Chancellor George Osbourne should use tomorrow’s budget statement to unveil a “seismic shift” in Britain’s housing targets, according to leading homes developer Home Group. The group are calling for a radical building programme to create 245,000 new homes each year.
Millions of people up and down the country will be eagerly anticipating George Osbourne’s Budget speech tomorrow, but perhaps none more so than those within the housing sector. According to the latest figures from the Department for Communities and Local Government, Britain is falling far behind in the race to build new homes. It’s estimated that it would require over 200,000 new homes a year, for supply to catch up with demand and those within the building trade and those looking to buy new homes, will be hoping that the Chancellor announces a real programme for home building.
Chancellor George Osbourne has already announced a new garden city to be built at Ebbsfleet in the South East of England, but the 15,000 new homes that will be incorporated in that new development are a mere drop in the ocean.
One of Britain’s largest homes developers, Home Group, have stated their belief that the government should be doing more to help nurture building, and have outlined a few key factors to achieving a greater supply. They propose the development of Housing Zones across the country, placing a greater emphasis on simpler planning processes and managed by joint venture partnerships. They also propose the creation of a Housing Investment Bank.
The demands set out by Home Group echo those proposed by the National Housing Federation, who last month also called for simpler planning procedures to “drive forward (a) new housing supply more quickly and effectively.”
Both the NHF and Home Group called for better use of public land, which is currently being sold off to the highest bidder by local authorities without any thought given to the potential for housing stock.
It’s thought that the Budget will include provisions to build 135,000 new homes over six years, a projection that critics have said “will barely scratch the surface.” One such critic, Phil Shanks, chief executive of Houses for Homes, said, “what this government fails to recognise is that building houses for affordable rent is the only truly sustainable method of addressing need.”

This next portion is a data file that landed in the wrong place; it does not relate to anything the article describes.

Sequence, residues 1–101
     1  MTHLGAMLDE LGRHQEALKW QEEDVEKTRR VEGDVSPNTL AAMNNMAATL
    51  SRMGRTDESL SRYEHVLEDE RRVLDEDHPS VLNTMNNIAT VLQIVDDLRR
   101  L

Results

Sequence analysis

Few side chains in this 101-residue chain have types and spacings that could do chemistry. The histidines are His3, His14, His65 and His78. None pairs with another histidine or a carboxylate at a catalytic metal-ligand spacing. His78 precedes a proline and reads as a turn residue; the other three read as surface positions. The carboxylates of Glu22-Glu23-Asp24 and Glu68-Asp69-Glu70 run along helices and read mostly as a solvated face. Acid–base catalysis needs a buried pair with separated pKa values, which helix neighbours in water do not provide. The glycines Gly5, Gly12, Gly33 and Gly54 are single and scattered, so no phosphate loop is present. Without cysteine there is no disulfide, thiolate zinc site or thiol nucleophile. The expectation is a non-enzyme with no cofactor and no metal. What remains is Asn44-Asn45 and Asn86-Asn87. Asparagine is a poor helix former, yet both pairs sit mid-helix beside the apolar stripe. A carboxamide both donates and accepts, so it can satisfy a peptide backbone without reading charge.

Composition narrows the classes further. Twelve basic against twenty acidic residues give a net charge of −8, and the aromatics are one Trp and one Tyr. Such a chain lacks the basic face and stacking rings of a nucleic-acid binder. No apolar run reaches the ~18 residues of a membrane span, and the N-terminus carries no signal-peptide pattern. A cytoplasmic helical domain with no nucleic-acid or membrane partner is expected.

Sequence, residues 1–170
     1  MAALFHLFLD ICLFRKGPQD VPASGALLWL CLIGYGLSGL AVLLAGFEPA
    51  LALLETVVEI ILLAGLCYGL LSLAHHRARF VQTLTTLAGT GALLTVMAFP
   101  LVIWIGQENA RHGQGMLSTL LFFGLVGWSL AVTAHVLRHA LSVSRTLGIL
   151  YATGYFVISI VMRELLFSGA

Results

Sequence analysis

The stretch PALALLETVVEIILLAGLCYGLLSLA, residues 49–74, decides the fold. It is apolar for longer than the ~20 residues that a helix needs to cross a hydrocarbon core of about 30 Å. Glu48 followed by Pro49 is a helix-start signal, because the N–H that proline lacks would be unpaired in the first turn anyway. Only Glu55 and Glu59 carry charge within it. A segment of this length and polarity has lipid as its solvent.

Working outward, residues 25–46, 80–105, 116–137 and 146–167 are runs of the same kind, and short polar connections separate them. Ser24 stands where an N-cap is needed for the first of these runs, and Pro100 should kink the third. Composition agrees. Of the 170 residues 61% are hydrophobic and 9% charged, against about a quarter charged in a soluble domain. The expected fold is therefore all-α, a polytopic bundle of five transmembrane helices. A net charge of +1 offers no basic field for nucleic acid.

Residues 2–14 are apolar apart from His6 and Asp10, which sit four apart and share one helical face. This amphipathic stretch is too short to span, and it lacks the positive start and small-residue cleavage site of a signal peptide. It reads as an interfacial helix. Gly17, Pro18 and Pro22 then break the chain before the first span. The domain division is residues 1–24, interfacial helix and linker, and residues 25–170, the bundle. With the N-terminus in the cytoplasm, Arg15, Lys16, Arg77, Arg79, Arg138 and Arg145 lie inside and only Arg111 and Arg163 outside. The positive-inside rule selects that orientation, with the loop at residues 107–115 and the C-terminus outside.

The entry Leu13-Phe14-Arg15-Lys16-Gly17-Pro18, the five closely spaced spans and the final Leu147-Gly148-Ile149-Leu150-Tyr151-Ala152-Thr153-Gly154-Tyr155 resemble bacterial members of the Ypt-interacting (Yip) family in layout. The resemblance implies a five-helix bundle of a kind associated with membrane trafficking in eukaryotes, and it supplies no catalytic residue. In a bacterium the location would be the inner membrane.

Mr Shanks also called for more land to made available to housing associations.
Mark Henderson, chief executive of Home Group, said that Chancellor Osbourne and the coalition government “now needs to demonstrate its intent to deliver affordable homes for all, irrespective of ownership.”
Mr Henderson said that the Budget was the perfect opportunity for the Coalition to “write their names in the record books by delivering the largest house building programme in UK history.”
Speaking to Housing News, Mr Henderson said that his organisations’ budget recommendations clearly set out “the strategies required to deliver on a scale to meet the number of new families formed each year and to clear the waiting list backlog.”
The Coalition government are in an unenviable situation; similar to the post-war Labour government was following their election in 1945. The modern day Labour Party have already put forward their proposal in a new “Help To Build” scheme, designed to help small to medium home builders to produce more homes. But, as always, it is the party in power to which all eyes will be turned tomorrow.
Will Chancellor Osbourne deliver the news that homebuilders and buyers want to hear? Or will we still be discussing this issue in a decade’s time?